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Equitable petition. Fulton Superior Court. Before Judge Etheridge.
MOBLEY, Justice.
The petition does not show that the property of the appellant is used for "purely public charity," and it therefore fails to show that the appellant is entitled to the exemption of this property from taxation as an institution of "purely public charity" under Code Ann. 92-201.
The appeal is from a judgment sustaining the general demurrers to a petition brought by Historic House Museum Corporation against the Tax Commissioner of Fulton County and the taxing authorities of the City of Atlanta, seeking to temporarily and permanently enjoin them from collecting taxes upon described real estate (upon which is located a dwelling house presumed to be the oldest house in Atlanta), and to recover taxes illegally assessed and collected in the past.
The sole question is whether this property is exempt from taxation under the Constitution of Georgia, Art. VII, Sec. I, Par. IV (Code Ann. 2-5404) and the provisions of Ga. L. 1946, pp. 12-15, as amended (Code Ann. 92-201), which exempt from taxation "all institutions of purely public charity."
The petition alleges that the appellant is a nonprofit educational corporation chartered by the State as an educational and benevolent institution, whose purpose is "that of preserving, acquiring and maintaining houses and sited of particular and peculiar interest in the historical and educational background of this immediate section and State of Georgia"; that on the property claimed to be tax exempt is a house reported and presumed to be the oldest house in the City of Atlanta, which was occupied by Colonel L. P. Grant before and during the War Between the States, and was the dwelling wherein Mayor Calhoun before and during the siege of Atlanta by General Sherman planned and arranged with Colonel Grant the defense of Atlanta; that the property has been dedicated for the education, uplift, and advancement of the early history of Atlanta; and that the appellant is an institution of purely public charity as defined in Code Ann. 92-201, and its property is not used for any commercial purpose.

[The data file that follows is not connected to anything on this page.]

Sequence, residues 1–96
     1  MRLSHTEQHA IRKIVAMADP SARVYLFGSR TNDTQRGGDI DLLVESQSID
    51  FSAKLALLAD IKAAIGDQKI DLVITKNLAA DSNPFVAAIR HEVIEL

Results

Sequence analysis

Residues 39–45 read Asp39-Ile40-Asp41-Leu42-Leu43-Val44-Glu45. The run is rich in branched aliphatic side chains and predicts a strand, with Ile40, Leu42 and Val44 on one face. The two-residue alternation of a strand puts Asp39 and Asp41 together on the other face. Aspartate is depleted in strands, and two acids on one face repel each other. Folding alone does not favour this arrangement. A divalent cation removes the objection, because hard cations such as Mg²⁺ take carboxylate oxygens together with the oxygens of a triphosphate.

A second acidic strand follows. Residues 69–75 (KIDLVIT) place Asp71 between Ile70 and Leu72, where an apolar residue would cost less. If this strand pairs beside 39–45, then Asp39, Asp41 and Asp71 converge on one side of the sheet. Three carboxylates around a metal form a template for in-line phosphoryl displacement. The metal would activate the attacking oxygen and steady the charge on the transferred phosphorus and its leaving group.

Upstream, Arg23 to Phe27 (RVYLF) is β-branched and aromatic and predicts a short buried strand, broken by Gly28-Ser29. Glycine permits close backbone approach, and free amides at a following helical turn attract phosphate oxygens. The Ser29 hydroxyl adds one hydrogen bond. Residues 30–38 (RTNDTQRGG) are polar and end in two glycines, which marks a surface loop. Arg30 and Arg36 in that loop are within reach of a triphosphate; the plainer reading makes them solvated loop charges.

The sustaining of the general demurrers and the dismissal of the petition are enumerated as error, the several grounds of which are that the petition stated a cause of action, that a jury issue was made by the petition, and that the appellant is deprived of its property without due process of law and equal protection of law.
The test of whether property is exempt from taxation under Ga. b. 1946, pp. 12-15, as amended, (Code Ann. 92-201) as an institution of "purely public charity" is not whether the owner is an organization of purely public charity, but whether the property is dedicated to charity and used exclusively as an institution of "purely public charity." Tharpe v. Central Ga. Council of Boy Scouts of America, 185 Ga. 810 (196 SE 762, 116 ALR 373). That the organization is non-profit, is not used for commercial purposes, and its charter declares it to be a charitable and benevolent institution, do not make it a charitable institution. Mu Beta Chapter Chi Omega House Corp. v. Davison, 192 Ga. 124 (14 SE2d 744). Nor does the fact that it may serve a benevolent purpose make it such. Taylor v. Trustees of Jesse Parker Williams Hospital, 190 Ga. 349 (9 SE2d 165). See United Hospitals Service Assn. v. Fulton County, 216 Ga. 30 (114 SE2d 524).
While the petition alleges that the property is dedicated to the education, uplift, and advancement of the early history of Atlanta, and is not used for any commercial purpose, it fails to allege how the property is being used. In the absence of such allegation, the petition does not allege that the property is used for purely public charity, and fails to state a cause of action for exemption from taxation.
Judgment affirmed. All the Justices concur.
Harold Sheats, Charles M. Lokey, J. C. Murphy, for appellees.
G. Seals Aiken, for appellant.
ARGUED JULY 10, 1967 -- DECIDED JULY 14, 1967.
Friday May 22 19:22 EDT

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